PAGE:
To minimize molten material leakage, the peripheral sidewall 90 of the impeller preferably includes slots or grooves 94 defined therein. The grooves extend from an intermediate portion of the impeller sidewall to upper and lower edges of the impeller sidewall. The depth of the grooves for an impeller having a diameter of 9.525 centimeters (3¾ inches) is preferably in the range of 0.08-0.3175 centimeters ({fraction (1/32)}-⅛ inches). The width of the grooves for this particular impeller is preferably in the range of 0.3175-1.27 centimeters (⅛-½ inches). However, it must be appreciated that the depth and width of the grooves of the impeller are not limited to those ranges cited above. The depth and width of these grooves will depend largely on the size of the impeller and the liquid being pumped.

Starting at the intermediate portion of the impeller sidewall, the grooves are preferably angled forward relative to the direction of rotation of the impeller. The forwardly angled grooves capture the molten material and pull it back into the base member's pumping chamber (in the direction of arrows B) by creating an inlet pressure which counteracts the leakage pressure. In essence, a fluid seal is created which facilitates higher flow rates and pressures in the pump.

Alternatively, the grooves 94 can be angled backwards relative to the direction of rotation of the impeller. Such a configuration will facilitate leakage of the fluid being processed. Such a result is beneficial during cleaning of the bearing surfaces or when processing a fluid having a relatively large amount of solid particles, such as a granular material.

Turning now to FIGS. 7 a-7 c, a first lower end 96 of the rotatable shaft 18 has a non-circular shape dimensioned to fit within a cooperating non-circular opening 98 defined in the impeller. In a preferred embodiment, the lower end of the shaft and impeller opening have a polygonal shape. In a most preferred embodiment, the lower end of the shaft and impeller are in the shape of a hexagon. However, other suitable shapes, such as a square, oval, ellipse, etc., are within the scope and intent of the present invention. A threaded bolt 100 and washer 102 (see FIG. 7 c) are provided for attaching the impeller to the shaft and preventing the impeller from slipping out of the impeller's opening. The bolt and washer are covered by a graphite cap 104 to prevent the bolt and washer from corroding in hostile, high temperature molten material environments. In a configuration wherein the impeller opening and shaft are polygonal shaped, the driving force is provided by the corners of the polygonal shaped shaft.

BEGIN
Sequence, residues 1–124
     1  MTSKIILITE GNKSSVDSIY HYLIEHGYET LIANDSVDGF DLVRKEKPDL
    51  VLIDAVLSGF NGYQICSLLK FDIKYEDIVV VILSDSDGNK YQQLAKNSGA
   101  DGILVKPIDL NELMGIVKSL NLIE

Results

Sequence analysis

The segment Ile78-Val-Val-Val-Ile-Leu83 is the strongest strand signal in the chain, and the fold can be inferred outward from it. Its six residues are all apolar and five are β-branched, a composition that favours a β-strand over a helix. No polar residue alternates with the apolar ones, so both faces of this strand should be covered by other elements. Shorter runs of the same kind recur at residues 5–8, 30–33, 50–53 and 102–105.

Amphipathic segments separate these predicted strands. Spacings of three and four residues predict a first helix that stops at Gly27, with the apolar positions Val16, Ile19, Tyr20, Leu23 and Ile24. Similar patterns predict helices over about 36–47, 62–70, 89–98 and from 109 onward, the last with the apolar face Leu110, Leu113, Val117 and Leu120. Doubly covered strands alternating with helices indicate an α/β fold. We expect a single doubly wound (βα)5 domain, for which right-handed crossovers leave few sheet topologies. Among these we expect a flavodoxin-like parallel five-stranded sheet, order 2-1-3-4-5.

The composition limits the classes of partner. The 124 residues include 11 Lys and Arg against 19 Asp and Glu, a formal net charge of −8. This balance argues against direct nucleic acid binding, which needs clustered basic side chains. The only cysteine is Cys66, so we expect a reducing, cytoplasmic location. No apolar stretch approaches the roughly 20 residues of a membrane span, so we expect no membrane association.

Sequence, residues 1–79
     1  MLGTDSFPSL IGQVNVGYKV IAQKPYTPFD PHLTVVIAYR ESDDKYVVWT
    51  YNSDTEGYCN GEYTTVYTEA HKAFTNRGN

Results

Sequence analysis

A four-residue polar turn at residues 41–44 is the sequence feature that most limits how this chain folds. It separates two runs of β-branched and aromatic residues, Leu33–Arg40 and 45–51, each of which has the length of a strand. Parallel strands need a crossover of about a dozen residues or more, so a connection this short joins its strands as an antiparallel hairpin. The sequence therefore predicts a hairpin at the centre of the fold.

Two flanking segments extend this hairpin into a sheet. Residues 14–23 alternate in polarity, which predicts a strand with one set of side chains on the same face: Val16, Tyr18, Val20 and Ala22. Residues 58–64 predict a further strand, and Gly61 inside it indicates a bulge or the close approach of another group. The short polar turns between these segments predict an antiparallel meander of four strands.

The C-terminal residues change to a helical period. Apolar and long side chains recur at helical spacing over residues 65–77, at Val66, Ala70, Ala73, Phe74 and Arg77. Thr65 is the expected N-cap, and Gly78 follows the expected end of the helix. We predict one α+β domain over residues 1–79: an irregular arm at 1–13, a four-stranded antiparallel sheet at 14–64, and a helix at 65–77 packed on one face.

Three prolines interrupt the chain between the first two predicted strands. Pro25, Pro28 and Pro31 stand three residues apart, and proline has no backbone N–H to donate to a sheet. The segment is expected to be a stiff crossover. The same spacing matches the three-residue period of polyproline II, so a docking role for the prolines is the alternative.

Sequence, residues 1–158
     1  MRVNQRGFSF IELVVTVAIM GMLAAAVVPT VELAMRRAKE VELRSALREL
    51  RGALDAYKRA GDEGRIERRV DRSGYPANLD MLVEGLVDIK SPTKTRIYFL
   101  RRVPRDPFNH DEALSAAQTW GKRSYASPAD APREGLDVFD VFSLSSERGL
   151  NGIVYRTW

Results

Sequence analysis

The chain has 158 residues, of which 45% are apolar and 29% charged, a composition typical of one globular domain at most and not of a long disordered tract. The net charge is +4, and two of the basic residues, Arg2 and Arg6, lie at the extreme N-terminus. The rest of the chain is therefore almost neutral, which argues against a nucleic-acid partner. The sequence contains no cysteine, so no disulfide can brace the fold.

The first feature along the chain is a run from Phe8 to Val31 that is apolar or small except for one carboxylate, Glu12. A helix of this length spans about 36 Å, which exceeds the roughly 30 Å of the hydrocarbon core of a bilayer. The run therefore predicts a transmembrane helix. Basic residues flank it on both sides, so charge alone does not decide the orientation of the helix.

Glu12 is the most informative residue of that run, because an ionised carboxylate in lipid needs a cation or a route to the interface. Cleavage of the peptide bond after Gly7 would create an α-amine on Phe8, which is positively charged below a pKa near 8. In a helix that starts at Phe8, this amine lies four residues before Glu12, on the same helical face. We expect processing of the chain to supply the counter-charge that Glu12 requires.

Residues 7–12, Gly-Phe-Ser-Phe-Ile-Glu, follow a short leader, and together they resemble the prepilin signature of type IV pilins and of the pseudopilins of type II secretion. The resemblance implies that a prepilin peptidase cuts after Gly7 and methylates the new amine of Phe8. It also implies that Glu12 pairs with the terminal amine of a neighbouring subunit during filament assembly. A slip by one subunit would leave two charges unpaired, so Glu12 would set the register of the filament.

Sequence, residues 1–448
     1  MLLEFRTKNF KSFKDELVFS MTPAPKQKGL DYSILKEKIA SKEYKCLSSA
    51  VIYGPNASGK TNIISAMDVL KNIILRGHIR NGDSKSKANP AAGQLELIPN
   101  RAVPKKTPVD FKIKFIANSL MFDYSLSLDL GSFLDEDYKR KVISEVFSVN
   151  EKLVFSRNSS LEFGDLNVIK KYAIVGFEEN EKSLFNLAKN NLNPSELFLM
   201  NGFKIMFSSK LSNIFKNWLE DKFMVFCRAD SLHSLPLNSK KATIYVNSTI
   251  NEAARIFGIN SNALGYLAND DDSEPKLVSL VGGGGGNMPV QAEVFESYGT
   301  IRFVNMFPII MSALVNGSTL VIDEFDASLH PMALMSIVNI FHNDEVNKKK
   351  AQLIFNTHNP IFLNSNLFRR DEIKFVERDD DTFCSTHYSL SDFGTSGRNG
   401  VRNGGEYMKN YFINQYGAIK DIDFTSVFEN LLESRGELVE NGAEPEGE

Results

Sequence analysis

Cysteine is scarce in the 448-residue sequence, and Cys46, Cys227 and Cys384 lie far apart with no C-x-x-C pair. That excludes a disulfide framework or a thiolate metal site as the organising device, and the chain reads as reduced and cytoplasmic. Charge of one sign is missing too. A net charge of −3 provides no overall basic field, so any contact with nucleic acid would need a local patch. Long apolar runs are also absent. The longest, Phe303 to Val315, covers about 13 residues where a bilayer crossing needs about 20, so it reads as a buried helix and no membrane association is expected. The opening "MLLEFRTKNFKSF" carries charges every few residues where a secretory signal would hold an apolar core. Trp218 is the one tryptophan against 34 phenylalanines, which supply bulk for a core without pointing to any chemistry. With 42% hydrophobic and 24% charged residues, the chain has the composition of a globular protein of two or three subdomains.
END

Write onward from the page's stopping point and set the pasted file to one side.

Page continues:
In conventional pumps, the shaft is round and includes a male member dimensioned to be threaded into a female receiving portion of a graphite impeller. However, particularly during rotation of a metal shaft, the shaft's male member will strip the graphite threads in the impeller's female member, since graphite is a relatively weak material. In the present invention, the polygonal shaped shaft 18 is fitted within the cooperating polygonal shaped opening 98 in the impeller.

In an alternate embodiment, (see FIG. 7 d), the opening 98 in the impeller 16 and the lower end 96 of the rotatable shaft 18 are in the shape of a circle or other rounded configuration such as an oval. The circular impeller opening 98 and the circular lower end 96 of the rotatable shaft are concentric and share the same central axis X. However, the axis of rotation Y of the rotatable shaft is different or offset from axis X. Accordingly, the shaft's lower end drives the impeller in a cam-like manner.

With reference to FIGS. 8 a-8 c, an alternate embodiment of the present invention is shown wherein like numerals represent like components and new numerals identify new components. In this embodiment, the rotatable shaft 18 of the pump includes an upper shaft portion 106 and lower stub shaft 110. A lower end 112 of the stub shaft is dimensioned to be received within an opening defined in the impeller. The lower end of the stub shaft and opening in the impeller are preferably polygonal shaped and most preferably hexagonal shaped.

An upper end of the stub shaft preferably includes a universal joint 114 dimensioned to be received within a sleeve 116 of the upper shaft portion. The universal joint preferably takes the shape of a ball-hex (see FIGS. 8 b and 8 c) and fits within sleeve 116 in a ball and socket manner. Accordingly, the universal joint enables the stub shaft and impeller assembly to pivot. Moreover, the universal joint is not rigidly connected within the sleeve and, thus, the impeller and stub shaft are free to move in the axial direction. Although a ball-hex is shown, any other suitable shape can be used to provide a pivotable universal joint.